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addressed the effects on employees. New research evidence questions optimistic and pessimistic accounts, finding that TQM is widely welcomed but that it does not lead to "empowerment", and that success depends on certain conditions, notably job security.
The context of Total Quality Management
Total Quality Management (TQM) has been a leading development of the 1990s in Britain. Surveys find that almost three-quarters of organisations claim to have formal quality programmes, which are believed to work by increasing employees' interest in their jobs and their understanding of how their work contributes to organisational goals. Many of these programmes have been introduced in the past five years. Definitions of TQM vary but its core comprises: a focus on the customer; the improvement and inter-linking of business processes; and continuous improvement ("Making quality critical", A Wilkinson and H Willmott, eds, London, Routledge, 1995.). Analysis falls into two main types:
optimistic texts, which often prescribe ways of implementing TQM and assume a welcome from employees; and critical studies, which either (a) equate TQM with intensified managerial control under the pretence of "empowerment" or (b) accept that TQM can be effective, but argue that in practice poor implementation has undermined this promise.
The critical studies often argue that TQM undermines the representative role of trade unions by strengthening direct links between employer and employee.
New research evidence
A new report - "Involving employees in Total Quality Management", M Collinson, P Edwards and C Rees, London, Department of Trade and Industry (March 1997)- published by the Department of Trade and Industry, challenges both these lines of argument. Drawing on interview and questionnaire data collected in 1995 from six named organisations, it argues (a) that employees welcome some but not all features of TQM, (b) that existing accounts have an unduly strict benchmark for the effects of TQM, and (c) that success depends on certain conditions.
(a) Employee views
More than four-fifths of the sample of employees saw quality as the crucial issue for their organisations or as very important. Almost two-thirds felt that employees had a "great deal" or a "fair amount" of influence over quality, and over 70 per cent felt that their own involvement in problem-solving had increased. Five employees in six identified the presence of meetings designed for problem-solving.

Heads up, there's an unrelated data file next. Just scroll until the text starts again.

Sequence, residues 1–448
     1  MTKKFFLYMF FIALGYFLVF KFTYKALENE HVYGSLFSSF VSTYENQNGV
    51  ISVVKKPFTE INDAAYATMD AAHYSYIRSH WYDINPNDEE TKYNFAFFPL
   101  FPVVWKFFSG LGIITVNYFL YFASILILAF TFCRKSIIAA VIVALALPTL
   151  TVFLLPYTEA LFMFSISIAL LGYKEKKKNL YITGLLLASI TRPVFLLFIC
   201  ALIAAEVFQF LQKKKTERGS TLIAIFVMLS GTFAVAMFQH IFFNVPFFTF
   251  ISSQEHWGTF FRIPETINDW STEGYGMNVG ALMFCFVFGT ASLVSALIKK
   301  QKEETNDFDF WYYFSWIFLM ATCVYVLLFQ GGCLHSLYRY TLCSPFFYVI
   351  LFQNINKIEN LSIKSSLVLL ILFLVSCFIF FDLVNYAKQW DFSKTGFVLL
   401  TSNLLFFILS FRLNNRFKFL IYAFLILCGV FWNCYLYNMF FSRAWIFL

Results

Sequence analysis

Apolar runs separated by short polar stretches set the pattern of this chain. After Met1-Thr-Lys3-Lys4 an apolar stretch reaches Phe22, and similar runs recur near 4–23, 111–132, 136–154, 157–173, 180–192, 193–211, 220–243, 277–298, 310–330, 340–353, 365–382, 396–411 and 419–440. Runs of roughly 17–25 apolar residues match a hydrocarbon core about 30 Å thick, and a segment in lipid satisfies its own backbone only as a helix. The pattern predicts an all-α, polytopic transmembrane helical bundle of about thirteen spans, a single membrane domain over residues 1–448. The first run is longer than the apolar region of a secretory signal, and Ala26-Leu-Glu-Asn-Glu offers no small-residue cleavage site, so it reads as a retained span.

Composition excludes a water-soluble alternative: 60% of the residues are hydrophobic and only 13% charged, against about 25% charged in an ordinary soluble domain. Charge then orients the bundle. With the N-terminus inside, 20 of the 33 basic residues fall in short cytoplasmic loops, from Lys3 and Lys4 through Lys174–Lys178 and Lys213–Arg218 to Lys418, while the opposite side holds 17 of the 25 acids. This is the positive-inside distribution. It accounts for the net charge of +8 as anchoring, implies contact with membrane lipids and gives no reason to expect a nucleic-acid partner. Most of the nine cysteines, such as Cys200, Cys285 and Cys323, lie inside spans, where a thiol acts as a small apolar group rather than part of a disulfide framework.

the study says. but the extent to which programmes were specifically linked to quality or teamwork. . notably insecurity and financial constraints. but most liked the pace at which they worked. Short-term pressures tended to undermine TQM initiatives. followed by informal communication with individual managers. The study finds that neither picture is accurate. Managements in the organisations studied did not use the language of empowerment and had more pragmatic goals. Critics equate it with work intensification and stress. the study concludes. "is to maintain TQM in the face of external pressures". which made it hard for quality activities to be maintained. communication which employees most valued. the report concludes. "be seen as catalysts". and it was found that firms which maintained working relationships with their unions were also the most likely to maintain their quality programmes effectively. (b) Management and worker expectations Many proponents of TQM claim that it "empowers" workers. Workers reported higher effort levels. which could undercut the promise of quality programmes. 72% felt that there had been an increase in communication activity recently. Cooperative relationships with employee representatives were an important element in easing the acceptance of TQM. These programmes seem to promote a narrowly focused but real sense of discipline and purpose. A key result was that reported levels of trust between management and worker were no higher than in organisations without TQM initiatives. face-to-face. Workers also reported more stress and higher levels of work effort.Of the sample. It was direct. All the case study firms were unionised. it was not the overall amount which mattered. we can and do involve people more but we need to have constraints". bringing out workers' willingness to take responsibility and providing a focus and rationale for efforts at involvement. A strong sense of job security was a key element in encouraging acceptance of quality initiatives. But involvement remained within tight limits and there were several factors. The most favourably evaluated method was team briefing. Training was important. Conclusions "Quality programmes can". and financial pressures. They were of two kinds: production pressures. One manager summed this up: "empowerment is not a word used at local level. which could reduce the resources for and commitment to TQM. rather than being a means to make workers work harder. "The challenge". (c) Conditions for success Acceptance of TQM was greatest where several conditions prevailed. Those who were working harder and who were most subject to the measurement of their performance were also the most likely to favour quality programmes.